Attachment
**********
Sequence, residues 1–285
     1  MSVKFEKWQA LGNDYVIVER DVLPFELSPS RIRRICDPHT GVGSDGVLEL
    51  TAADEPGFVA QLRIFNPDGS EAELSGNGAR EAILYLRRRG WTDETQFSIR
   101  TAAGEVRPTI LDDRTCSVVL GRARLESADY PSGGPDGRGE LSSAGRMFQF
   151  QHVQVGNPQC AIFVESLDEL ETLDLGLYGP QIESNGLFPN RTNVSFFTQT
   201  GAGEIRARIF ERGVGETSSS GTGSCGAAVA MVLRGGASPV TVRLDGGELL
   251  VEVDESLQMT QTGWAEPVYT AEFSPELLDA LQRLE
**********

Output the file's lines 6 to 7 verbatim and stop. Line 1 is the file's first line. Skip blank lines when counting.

   201  GAGEIRARIF ERGVGETSSS GTGSCGAAVA MVLRGGASPV TVRLDGGELL
   251  VEVDESLQMT QTGWAEPVYT AEFSPELLDA LQRLE